Thursday 30 May 2024

“The sea is their grave but this Memorial sculpture is, in many ways, a headstone for the lost trawlermen”

I have always been impressed by the architecture in the centre of the maritime city of Hull, especially the old buildings with their carvings and statues.

On a wet and windy day, unable to visit the Ferens Art Gallery or the Princes Quay shopping mall with our dog, we took a short walk by the Humber Estuary and revisited St Andrews memorial for lost trawlermen.

The Humber Bridge is clearly seen from here (photo courtesy of Pixabay)

Installed around a paved circle, information can be found  about the history of the fishing industry of Hull and its workers

Beautiful swathes of wild flowers have been sown around the site

Some interesting information about the work of a Bobber and three trawler tragedies can be found here:

The Life of a Bobber – St. Andrews Dock Heritage Park Action Group (

Triple trawler tragedy: The Hull fishermen who never came home - BBC News

Saturday 4 May 2024

The Georgian Bath House

We are frequent visitors to the small market town of Wetherby, West Yorkshire, where we often take a route which crosses over the bridge and then walk along the River Wharfe. 

 On the other side of the river, we noticed some benches and on this trip we decided to find this spot. This is how we discovered the Jubilee Gardens and, what's more, within the gardens we found a Georgian Bath House. In the 18th century bathing for cleanliness was not a thing. The Bath House was a popular remedy supposedly to help with anything from headaches to impotence. The pool was fed from a spring and was surrounded by a walkway with areas for changing clothes and taking a break from the cold water. The building is no longer used as bath house, but the park is beautifully planted with, at the time of our visit, spring flowers and the benches are a splendid place to watch the river.

Thursday 4 April 2024

Easter break

It wasn’t to be.

To get away from the crowds on Easter Sunday, we embarked on the Hutton circular walk which I found on the Facebook page Summat to do.

Sadly, the heavy rain of the previous night had turned some of the route into a quagmire making it impossible to continue after the first gate. Did I mention we had our little dog Freddie with us, who doesn’t like his paws cleaned at the best of times.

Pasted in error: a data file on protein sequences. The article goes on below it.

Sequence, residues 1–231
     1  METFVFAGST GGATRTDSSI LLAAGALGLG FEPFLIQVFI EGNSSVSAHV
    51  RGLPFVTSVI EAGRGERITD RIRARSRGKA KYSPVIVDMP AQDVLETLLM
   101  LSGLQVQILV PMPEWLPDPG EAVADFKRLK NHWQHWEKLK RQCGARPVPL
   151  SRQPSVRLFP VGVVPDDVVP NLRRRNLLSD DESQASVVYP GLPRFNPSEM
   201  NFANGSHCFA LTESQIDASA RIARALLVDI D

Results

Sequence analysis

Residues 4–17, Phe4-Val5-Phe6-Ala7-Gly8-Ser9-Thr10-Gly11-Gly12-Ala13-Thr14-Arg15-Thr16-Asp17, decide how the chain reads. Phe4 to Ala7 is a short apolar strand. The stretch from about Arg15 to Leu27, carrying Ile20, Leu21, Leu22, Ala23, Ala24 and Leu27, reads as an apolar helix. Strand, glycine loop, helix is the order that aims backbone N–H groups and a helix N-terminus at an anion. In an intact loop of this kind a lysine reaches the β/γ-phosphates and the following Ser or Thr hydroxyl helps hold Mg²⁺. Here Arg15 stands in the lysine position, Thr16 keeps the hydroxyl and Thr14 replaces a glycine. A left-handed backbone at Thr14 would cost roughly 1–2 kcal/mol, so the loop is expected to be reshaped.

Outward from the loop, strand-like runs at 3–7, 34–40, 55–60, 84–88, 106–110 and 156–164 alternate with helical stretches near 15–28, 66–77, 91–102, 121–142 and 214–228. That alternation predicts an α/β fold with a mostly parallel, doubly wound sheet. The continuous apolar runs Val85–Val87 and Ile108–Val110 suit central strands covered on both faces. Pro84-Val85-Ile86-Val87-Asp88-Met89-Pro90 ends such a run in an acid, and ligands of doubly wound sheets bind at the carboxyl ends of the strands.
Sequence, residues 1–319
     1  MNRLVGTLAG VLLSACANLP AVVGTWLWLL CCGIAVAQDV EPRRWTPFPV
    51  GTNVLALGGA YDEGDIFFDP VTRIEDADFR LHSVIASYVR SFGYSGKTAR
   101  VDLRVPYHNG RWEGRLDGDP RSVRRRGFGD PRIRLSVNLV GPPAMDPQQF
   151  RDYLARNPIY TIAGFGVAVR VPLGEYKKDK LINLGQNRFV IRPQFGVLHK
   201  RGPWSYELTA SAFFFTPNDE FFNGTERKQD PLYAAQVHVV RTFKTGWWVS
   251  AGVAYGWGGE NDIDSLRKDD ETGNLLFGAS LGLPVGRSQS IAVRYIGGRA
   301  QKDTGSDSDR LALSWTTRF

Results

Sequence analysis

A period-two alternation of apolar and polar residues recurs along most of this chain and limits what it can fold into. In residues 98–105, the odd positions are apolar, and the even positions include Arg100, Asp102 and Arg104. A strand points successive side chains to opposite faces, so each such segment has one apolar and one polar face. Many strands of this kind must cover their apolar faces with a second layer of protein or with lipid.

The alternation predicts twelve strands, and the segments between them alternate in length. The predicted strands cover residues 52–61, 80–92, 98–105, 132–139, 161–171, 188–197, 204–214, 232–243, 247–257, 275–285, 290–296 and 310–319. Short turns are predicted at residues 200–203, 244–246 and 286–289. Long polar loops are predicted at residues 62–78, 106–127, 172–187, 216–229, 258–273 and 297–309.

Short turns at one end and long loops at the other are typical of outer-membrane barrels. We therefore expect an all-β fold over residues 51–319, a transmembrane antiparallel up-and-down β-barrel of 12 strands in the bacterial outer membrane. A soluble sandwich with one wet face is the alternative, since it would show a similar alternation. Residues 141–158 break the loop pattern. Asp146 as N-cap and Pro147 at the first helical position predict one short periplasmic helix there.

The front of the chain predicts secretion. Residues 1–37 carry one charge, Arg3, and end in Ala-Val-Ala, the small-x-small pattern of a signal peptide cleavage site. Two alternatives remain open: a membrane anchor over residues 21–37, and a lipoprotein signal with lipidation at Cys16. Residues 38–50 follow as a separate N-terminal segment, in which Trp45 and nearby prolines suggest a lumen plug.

We had our coffee break on the huge village green at Hutton Cranwsick

The walk will have to wait until the ground has hardened up a bit.

After lunch, we set out to Danes Dyke Danes Dyke ( and made our way through the woodlands to the beach. The sea was coming in so we couldn’t stay there long.

Next stop Flamborough South Landing.  We have often taken the grandchildren along the Sculpture Trail there which has fallen into disrepair. We made for our favourite bench which gives a spectacular view of the area. A landslip meant that the usual route was blocked off, but we managed to find a diversion to reach the spot.

The land slip

On Monday, some family joined us for lunch and we visited Hornsea

Tuesday turned out to be the very best of the weather. Warm and sunny, we walked along the Bridlington promenade from North Beach to the Spa and returned via Bridlington’s working harbour. Here we met a man preparing and selling jet which he had found along the coast. The untreated stones looked like lumps of coal.

Although we spend many hours in this area, we always find new things to see and visit.

Sunday 17 March 2024

Prisons and prisoners


Fortunately I’ve never been in prison and furthermore hope I never will. However, I have recently seen and read about this topic and it has made me think about the the whole institution

Firstly, I watched Prisoner, a danish production of 6 episodes on BBC4 and iPlayer. This follows the stories of four prison officers and their interactions with the inmates while they are striving to keep the prison from shutting down to keep their jobs. At the start of a shift, the prison officers greet each other with “Have a boring day” wishing for calm in an environment like a pressure cooker where anything could cause an explosion. Sometimes brutal, often thought-provoking and always compelling.